And, strangest of all (самое странное из всего), these people were all made of china (были все сделаны из фарфора), even to their clothes (вплоть до их одежд), and were so small (такими маленькими) that the tallest of them was no higher than Dorothy's knee (что самые высокие из них были не выше, чем Дороти колено).

No one did so much as look at the travelers at first (никто даже не посмотрел на путешественников сначала), except one little purple china dog (кроме одной маленькой пурпурной фарфоровой собаки) with an extra-large head (со сверхбольшой головой), which came to the wall (которая подошла к стене) and barked at them in a tiny voice (лаяла на них крошечным = тоненьким голосом), afterwards running away again (после чего убежала снова).

"How shall we get down (спустимся)?" asked Dorothy.

They found the ladder so heavy (нашли лестницу такой тяжелой) they could not pull it up (подтянуть ее /на верх/), so the Scarecrow fell off the wall (упал со стены) and the others jumped down upon him (спрыгнули на него) so that the hard floor (так чтобы твердый пол) would not hurt their feet (не повредил их ноги). Of course (конечно) they took pains (приложили усилия) not to light on his head (не упасть на его голову; to light — неожиданно упать, обрушиться) and get the pins in their feet (получить булавки в свои ноги).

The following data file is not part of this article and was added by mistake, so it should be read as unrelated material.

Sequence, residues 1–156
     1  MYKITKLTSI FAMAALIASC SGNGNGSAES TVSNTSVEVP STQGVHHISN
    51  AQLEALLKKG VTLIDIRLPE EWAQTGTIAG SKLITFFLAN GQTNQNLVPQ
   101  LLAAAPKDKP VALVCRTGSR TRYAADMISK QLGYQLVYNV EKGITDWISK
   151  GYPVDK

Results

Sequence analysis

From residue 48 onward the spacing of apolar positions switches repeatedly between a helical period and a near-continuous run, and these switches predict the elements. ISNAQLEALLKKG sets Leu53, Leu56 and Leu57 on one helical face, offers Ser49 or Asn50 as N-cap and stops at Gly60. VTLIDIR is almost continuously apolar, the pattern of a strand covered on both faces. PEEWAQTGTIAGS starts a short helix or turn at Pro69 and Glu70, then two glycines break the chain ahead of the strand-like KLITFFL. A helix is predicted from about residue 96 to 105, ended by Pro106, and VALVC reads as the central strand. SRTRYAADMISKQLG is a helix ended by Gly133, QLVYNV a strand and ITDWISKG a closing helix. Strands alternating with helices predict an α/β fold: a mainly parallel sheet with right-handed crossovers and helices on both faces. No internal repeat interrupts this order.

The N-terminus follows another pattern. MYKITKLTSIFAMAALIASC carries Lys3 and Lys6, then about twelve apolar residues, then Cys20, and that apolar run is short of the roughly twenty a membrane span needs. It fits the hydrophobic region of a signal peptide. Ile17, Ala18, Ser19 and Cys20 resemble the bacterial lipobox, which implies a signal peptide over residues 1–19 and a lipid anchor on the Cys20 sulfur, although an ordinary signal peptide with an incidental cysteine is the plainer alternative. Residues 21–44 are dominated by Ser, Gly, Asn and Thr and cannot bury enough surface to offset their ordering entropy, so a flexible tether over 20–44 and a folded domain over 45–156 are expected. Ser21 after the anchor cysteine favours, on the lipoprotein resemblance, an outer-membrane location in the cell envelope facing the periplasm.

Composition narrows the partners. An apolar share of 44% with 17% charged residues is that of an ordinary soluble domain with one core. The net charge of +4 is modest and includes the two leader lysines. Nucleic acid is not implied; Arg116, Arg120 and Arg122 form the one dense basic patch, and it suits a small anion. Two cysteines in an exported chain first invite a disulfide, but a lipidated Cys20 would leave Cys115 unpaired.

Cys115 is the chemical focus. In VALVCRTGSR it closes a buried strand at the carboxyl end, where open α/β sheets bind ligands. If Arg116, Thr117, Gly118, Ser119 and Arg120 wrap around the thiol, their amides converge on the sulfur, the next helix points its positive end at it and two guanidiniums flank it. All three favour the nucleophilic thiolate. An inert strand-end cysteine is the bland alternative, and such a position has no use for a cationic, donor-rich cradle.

When all were safely down (благополучно внизу) they picked up the Scarecrow (подобрали Страшилу = помогли ему подняться), whose body was quite flattened out (тело было довольно расплющенным; to flatten out — расплющивать), and patted his straw into shape again (и подбили /ладошкой/ его солому в форму снова).

"We must cross this strange place (пересечь это странное место) in order to get to the other side (чтобы попасть на другую сторону)," said Dorothy, "for it would be unwise for us (было бы немудрым для нас = с нашей стороны) to go any other way except due South (кроме как прямо на Юг)." They began walking through the country of the china people (начали идти по стране фарфоровых людей), and the first thing (первой вещью) they came to was a china milkmaid milking a china cow (доярка, доящая фарфоровую корову; to milk — доить). As they drew near (подтянулись =подошли ближе), the cow suddenly gave a kick (вдруг дала удар /ногой/ = лягнула) and kicked over the stool (опрокинула табуретку), the pail (ведро), and even the milkmaid herself, and all fell on the china ground with a great clatter (и все упало на фарфоровую землю с сильным грохотом).